Gone are the days where smartphone cameras would take grainy, out-of-focus snaps that only worked under the midday sun. With the advent of high quality cameras in our smartphones, however this is a thing of the past, and an entire industry has popped up in support of giving smartphone photography accessories to make it even better.
The iPhone has always been the frontrunner with camera quality, and the iPhone 7 is no exception with its unique and buzz generating dual camera system that has separate lenses for wide-angle and telephoto pictures. Now it’s been out in the wilds for a little while, the folks at KAMERAR are the first to bring third party accessories to the table with a dual lens, snap on lens kit. It looks like something that any budding photographer, or film-maker for that matter, will want to get their hands on.
Called the Kamerar ZOOM lens kit, it features:
- A snap on mounting case that also acts as a protective case for the phone,
- A Fisheye/Telephoto combo lens
- A Macro lens that uses both of the cameras to take high quality Macro shots
The cool thing is that you don’t need any glue or special mounting points on the phone to attach the lenses a la the iPhone 6. Instead there’s a slot which the lenses slide into and lock into place, which then means you can change them in a matter of moments. This, obviously, expands the already wide possibilities of the iPhone 7’s photo capabilities, but, it also allows it to become quite a viable little film camera too.
Youtube link to the product demo ad:
With the ability to snap lenses on and off quickly, the Kamarer Zoom bring a huge range of potential visual options at your fingertips and a real ability to push your smartphone film-making to the next level. Imagine being able to switch between a wide angle fish eye shot and a close-up macro within just a couple of seconds, and the creative possibilities that brings. All of this, and only $45.
As, however, this is the first accessory of its kind to use the dual camera system, it might be worth waiting to see how other manufacturers approach the problem. Still, it’s an interesting step towards empowering budding film-makers with many of the tools that used to be so far out of their reach due to price and bulk, and it’s almost a guarantee that sooner rather than later, someone will be using this kit to make something that most of us never even thought possible.
At a time when the boundaries between cinema, video, and television are being blurred, it’s interesting to note that the line between film theory and film practise is ever present. There have always been theorists that also make films but despite technological advances this number isn’t growing.
A wide range of British Universities offer practical filmmaking as a course but they separate it from film studies. Many students who are interested in film find it hard to choose between the courses and certainly don’t appreciate the wide divide in the middle. The equipment needed to produce short films is now readily available to students in the form of their smartphones, and yet, film studies courses still don’t incorporate many (if any) creative modules.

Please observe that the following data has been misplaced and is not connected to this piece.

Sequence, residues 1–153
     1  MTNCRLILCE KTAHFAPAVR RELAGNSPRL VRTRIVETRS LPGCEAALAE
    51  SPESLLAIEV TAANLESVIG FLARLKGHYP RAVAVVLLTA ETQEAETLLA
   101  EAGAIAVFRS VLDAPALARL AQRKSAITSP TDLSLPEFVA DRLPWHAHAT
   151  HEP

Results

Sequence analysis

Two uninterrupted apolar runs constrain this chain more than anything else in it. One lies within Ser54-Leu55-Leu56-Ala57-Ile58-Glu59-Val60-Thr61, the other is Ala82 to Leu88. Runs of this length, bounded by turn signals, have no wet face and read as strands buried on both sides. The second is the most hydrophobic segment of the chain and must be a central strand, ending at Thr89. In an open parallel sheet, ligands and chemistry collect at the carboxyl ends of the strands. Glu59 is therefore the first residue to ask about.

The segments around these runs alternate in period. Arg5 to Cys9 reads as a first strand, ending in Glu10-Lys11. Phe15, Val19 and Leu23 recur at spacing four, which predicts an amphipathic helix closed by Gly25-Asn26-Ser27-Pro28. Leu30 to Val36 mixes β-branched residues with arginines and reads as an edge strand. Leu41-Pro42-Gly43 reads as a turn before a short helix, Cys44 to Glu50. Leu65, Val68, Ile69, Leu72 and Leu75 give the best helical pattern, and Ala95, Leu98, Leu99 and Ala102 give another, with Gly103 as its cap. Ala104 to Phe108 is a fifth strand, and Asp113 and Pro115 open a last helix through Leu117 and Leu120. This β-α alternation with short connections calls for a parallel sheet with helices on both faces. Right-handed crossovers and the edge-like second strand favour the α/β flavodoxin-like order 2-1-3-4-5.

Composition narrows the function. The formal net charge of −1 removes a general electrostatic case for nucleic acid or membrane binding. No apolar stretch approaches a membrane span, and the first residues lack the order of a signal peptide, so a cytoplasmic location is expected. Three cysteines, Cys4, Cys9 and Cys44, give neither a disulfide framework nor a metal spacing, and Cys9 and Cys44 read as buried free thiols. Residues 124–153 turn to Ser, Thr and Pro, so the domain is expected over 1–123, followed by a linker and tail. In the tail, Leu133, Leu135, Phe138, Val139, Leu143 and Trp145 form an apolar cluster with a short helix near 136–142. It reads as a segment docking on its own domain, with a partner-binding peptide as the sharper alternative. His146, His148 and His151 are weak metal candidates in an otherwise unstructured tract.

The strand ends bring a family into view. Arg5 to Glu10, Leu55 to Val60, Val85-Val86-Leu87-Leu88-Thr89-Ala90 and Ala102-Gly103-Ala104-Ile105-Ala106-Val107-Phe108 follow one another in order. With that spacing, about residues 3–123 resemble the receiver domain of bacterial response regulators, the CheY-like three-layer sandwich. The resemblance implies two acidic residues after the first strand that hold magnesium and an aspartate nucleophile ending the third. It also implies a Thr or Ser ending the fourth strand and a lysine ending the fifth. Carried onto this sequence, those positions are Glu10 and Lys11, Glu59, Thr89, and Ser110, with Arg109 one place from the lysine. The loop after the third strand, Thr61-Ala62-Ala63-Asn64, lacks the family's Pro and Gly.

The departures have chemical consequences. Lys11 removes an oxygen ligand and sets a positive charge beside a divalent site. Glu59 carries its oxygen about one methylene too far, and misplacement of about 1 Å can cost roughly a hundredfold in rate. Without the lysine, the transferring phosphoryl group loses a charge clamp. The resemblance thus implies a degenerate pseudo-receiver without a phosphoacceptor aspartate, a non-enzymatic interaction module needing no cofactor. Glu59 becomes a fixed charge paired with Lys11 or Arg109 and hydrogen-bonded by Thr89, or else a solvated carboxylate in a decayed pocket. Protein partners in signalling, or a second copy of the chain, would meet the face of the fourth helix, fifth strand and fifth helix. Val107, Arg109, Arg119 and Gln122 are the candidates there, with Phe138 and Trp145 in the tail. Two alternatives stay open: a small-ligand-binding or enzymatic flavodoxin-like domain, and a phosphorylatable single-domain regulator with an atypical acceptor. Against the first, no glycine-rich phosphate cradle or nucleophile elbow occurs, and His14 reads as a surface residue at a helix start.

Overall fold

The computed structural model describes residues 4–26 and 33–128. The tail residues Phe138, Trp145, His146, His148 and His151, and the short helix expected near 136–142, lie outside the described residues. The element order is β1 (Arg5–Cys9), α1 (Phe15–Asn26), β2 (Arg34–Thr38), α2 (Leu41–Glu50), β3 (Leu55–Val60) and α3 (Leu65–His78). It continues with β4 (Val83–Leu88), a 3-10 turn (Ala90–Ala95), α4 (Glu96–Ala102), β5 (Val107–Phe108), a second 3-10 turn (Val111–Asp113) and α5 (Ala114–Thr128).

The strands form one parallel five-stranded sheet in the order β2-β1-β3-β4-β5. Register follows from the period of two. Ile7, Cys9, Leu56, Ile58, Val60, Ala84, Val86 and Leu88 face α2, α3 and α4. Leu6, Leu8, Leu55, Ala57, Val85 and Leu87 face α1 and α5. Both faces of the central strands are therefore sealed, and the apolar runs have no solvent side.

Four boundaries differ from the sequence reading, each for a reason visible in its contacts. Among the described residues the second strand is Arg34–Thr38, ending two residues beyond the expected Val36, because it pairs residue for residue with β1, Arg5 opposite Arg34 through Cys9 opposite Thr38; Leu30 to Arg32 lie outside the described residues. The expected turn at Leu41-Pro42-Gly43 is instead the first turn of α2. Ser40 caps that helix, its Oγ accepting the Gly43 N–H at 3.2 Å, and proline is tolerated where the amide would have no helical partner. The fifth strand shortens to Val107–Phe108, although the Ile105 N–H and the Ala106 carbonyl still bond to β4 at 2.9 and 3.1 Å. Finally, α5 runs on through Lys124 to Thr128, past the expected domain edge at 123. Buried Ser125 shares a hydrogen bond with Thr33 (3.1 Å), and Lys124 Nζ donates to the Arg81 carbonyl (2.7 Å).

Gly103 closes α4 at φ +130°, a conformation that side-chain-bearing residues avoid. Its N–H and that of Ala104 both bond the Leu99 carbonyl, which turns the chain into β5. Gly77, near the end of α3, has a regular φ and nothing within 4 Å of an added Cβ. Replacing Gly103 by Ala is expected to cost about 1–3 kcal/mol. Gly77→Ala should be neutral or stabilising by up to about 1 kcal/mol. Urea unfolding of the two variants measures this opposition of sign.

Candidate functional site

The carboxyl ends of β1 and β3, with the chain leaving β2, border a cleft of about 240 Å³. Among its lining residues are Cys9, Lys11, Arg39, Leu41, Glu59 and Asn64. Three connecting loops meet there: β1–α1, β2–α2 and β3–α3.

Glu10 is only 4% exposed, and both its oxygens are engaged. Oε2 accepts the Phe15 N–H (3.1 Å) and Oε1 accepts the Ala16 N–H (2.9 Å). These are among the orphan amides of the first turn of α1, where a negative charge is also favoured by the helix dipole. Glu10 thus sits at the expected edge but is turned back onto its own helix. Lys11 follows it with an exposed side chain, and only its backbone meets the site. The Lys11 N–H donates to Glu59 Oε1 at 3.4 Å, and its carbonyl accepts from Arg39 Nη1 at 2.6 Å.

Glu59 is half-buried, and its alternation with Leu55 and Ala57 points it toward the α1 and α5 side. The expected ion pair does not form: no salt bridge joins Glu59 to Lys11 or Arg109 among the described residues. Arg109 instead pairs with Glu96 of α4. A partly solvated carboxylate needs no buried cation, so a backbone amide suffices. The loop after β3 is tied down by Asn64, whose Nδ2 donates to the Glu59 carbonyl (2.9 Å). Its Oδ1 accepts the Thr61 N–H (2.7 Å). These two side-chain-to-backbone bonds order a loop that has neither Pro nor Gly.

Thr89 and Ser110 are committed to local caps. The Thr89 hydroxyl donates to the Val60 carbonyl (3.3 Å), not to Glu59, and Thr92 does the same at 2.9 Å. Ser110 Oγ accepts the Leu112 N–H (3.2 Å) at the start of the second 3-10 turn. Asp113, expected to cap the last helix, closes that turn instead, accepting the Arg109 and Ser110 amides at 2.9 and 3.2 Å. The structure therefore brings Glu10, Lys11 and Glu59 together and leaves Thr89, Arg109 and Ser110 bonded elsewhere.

Dr Eylem Atakav, Senior Lecturer in Film and Television Studies at the University of East Anglia, recently directed A Documentary Film on Child Marriages: Growing Up Married (2016). Julia Wagner, writing for the Huffington Post, said that Dr Atakav “credits making this film with immeasurably strengthening her understanding of the medium, which she’s taught for ten years: doing something helps you to understand it better.”
Dr Atakav went further to say that she wants more films to be made in the academic arena – to benefit not only the students but the institutions too. She said: “encouraging scholarly activity that turns theory into practice helps institutions to engage with the public and policy makers more efficiently and in a way that has impact on society and culture particularly in the context of Arts and Humanities.” Wagner also pointed out Dr Joshua Oppenheimer as another filmmaker rising out of academia. Oppenheimer is the director of heavy hitters The Act of Killing (2012) and The Look of Silence (2014) and is a Reader at the University of Westminster.
One of the responsibilities of university is preparing students for real jobs. Popular complaints about film studies, and the humanities in general, is that there aren’t many practical applications of the topics being learnt. Many say that these subjects are just preparing students for further study and jobs in academia – in a kind of unproductive circle. These students stand to greatly benefit from the practical use of filmmaking and editing technologies either to broaden their learning or to get a few student films onto their C.V.s
At the opposite end, students graduating from practical filmmaking courses and heading towards the industry need to know about cinema history. At a time when the classical methods of producing and disseminating films are being turned on their heads by the likes of Twitter, Snapchat, and Netflix, students deserve to have the knowledge of where we came from so they can start to understand where humanity is heading.
The amount of video content being consumed by the public is at an all time high. The meteoric rise in popularity of online video essays mean that film theory is just as relevant today. (see Every Frame a Painting for a shining example.) The historic split between theory and practice deserves to be made whole. In the coming turbulent years, hopefully educators in academia and industry will learn to see what the others have to offer.